As for the prices, I just used the site’s own quotes but, checking online, I still found them very “ballpark”.

            Cheers and take care!

          • two-bit cowboy says:

            You picked out my “first-hand experience” thinking perfectly! 🙂

            And I sincerely “feel sorry” for folks who miss out on a bunch of really good–and for the most part, inexpensive–whiskies if they won’t try one because somebody they trust rated it an 82. One of the 25 whiskies in my Top 5 of all time is one that consistently gets rated 75 or below by most “authorities.”

            I didn’t intend to paint the “I feel sorry for the downtrodden distillery owner” picture though. I simply love to support passionate, dream-driven small businesses (any type, not just whisky distilleries).

            This has been a fun exchange.



          • Jeff says:

            One of the 25 whiskies in my Top 5 of all time is one that consistently gets rated 75 or below by most “authorities.” – What is it and how did you come upon it?

          • two-bit cowboy says:

            Hi Jeff. Something about the lack of marketing hyperbole attracted me. Edradour 10. As it’s “aged” over the last 5 years, with each successive bottling I notice more sherry cask influence and a cleaner, much more refined whisky.(I’ve never experienced the soapiness some associate with the distillery) I simply love the stuff, and since we’re likely now being offered the whisky distilled after Andrew Symington bought the distillery I think we’ll get what I consider this “optimum profile” for a good long time. And I’ll make a point related to our earlier exchange: the price hasn’t gone up, but the quality has! 🙂

            With several distilleries coming on line recently it’s likely Edradour will lose its “smallest” distinguish-er, but no matter as long as it doesn’t alter what it’s doing.


          • Danny Maguire says:

            Age is not the sole determining factor in the quality of a whisky. The type of cask, its age as in how often it’s been used before, its size and where it’s been in the warehouse, even the type of warehouse, all have an influence. Some people even say what time of year it was made is important.

          • Jeff says:

            Oh, absolutely, and I never said age was the sole determining factor for quality. I’d just like the industry to make up its mind just how important it is in terms of pricing. On one hand, I’m supposed to pay $55 for something aged 3 years, because age doesn’t really matter, while on the other hand, I’m always supposed to pay more for an 18 than for a 15 than for a 12 because of the overall relative quality age is supposed to, and usually does, imply. To really demonstrate to me how unimportant age is, the industry will have to give me a Macallan 18 for the price of a 12 (if the all-important colours are comparable).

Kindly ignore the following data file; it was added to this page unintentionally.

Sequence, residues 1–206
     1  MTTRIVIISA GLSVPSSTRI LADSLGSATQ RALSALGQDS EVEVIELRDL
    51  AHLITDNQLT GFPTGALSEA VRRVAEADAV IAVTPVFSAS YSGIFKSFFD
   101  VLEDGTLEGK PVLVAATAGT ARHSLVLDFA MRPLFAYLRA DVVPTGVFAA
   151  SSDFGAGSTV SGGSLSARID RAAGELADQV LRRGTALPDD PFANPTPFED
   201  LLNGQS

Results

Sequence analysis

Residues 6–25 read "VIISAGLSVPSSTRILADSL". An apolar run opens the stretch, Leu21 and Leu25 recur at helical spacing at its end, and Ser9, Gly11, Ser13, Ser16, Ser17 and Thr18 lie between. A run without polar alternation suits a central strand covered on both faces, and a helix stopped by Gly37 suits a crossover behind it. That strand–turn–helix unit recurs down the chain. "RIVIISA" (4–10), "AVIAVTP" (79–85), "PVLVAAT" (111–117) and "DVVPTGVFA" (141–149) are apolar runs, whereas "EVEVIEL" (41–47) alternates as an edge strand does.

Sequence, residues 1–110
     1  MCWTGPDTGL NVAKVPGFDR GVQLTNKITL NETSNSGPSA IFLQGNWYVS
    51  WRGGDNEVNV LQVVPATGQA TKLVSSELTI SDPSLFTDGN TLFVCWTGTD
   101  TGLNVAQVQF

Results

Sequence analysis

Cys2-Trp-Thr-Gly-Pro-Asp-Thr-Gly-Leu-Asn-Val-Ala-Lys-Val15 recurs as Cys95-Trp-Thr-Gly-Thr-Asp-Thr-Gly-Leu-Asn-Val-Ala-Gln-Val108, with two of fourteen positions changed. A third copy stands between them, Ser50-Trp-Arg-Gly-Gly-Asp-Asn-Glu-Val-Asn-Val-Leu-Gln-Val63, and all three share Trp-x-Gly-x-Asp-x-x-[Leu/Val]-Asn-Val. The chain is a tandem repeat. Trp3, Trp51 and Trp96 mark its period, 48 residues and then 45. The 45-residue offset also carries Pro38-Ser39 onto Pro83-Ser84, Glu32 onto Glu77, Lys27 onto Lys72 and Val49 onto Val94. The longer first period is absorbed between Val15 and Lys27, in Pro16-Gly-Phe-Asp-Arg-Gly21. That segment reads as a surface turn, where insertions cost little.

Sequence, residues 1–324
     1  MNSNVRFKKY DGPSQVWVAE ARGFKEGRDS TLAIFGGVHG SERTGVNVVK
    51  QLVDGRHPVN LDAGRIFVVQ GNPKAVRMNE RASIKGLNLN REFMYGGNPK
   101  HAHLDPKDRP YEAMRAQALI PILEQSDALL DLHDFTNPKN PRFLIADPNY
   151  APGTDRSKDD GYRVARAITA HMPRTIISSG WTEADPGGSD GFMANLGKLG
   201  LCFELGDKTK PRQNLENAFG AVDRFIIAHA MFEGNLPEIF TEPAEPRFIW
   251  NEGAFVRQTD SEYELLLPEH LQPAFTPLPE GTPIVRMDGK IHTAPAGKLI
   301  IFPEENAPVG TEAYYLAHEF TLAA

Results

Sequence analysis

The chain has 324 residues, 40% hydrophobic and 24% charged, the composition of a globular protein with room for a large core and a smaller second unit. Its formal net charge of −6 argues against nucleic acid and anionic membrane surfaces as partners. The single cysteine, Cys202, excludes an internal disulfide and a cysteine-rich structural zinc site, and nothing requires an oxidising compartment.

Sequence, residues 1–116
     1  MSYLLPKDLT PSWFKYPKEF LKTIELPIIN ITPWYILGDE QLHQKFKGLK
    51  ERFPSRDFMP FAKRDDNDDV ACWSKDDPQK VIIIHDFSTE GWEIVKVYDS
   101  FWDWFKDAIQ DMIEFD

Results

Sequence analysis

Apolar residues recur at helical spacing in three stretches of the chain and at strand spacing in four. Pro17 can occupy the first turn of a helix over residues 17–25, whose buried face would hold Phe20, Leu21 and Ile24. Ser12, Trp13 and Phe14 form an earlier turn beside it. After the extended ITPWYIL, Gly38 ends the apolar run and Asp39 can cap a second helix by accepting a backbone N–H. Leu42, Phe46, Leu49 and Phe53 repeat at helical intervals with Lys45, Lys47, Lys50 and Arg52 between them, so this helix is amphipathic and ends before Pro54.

And while my main point here is about the industry doublethink on this issue, which catches the customer both coming and going, I do believe that age is of fundamental importance to quality. As I’ve written elsewhere “it’s difficult to argue the relative importance of source water, barley, peating, cask type selection, and maturation environment without giving at least some important consideration as to how long these factors have to make their effects felt and/or interact with each other.” This has always been understood to be a time-sensitive, if not time-dependent, process. While more age in and of itself might not guarantee superior whisky, both under and over-aging are serious concerns, and I would argue that under-aging is the far more common flaw found today.

      • Randy Perrelet says:

        In the world single malt Scotch, some producers are offering higher prices and lower quality! (Maybe “offering” isn’t the right word.) I find it disingenuous that Maker’s claims to be running out of whisky while selling 1.75 liter jugs of the stuff to Costco.

  8. Jamie Wika says:

    This is absurd. Who do they think they are kidding? 46 is better anyway, and this is probably why they have less to go around.

  9. Kevin Creasy says:

    People need to realize it’s not as simple as making more white dog – you have to increase distillation capacity, fermentation capacity, and storage capacity all in relation to eachother. If they could pump out more juice today, you wouldnt see an increase in circulation for another 5 and 3/4 to 6 years.

    • Lew Bryson says:

      I’m sure people here, for sure, understand that. What they don’t understand — what I don’t understand — is why brand managers of a whisky growing as steadily and as fast as Maker’s Mark (and they’ve been growing fast for a long time) could get caught this short. We all know that forecasting in the bourbon biz (and even more so in rye!) is iffy at best, but Maker’s growth curve has been one of the most predictable in the category. As I said above: “It just isn’t believable that they were blindsided…which makes this look more like a planned response.”

      • Jeff says:

        Yes, pretty “fortunate” that the chokepoints weren’t in water supply, bottling or distribution. Who knows what might have happened!

      • David G. says:

        Do you think the introduction of 46 reduced their inventory? Or did the demand/success of 46 have any impact on their shortfall?

      • Chris says: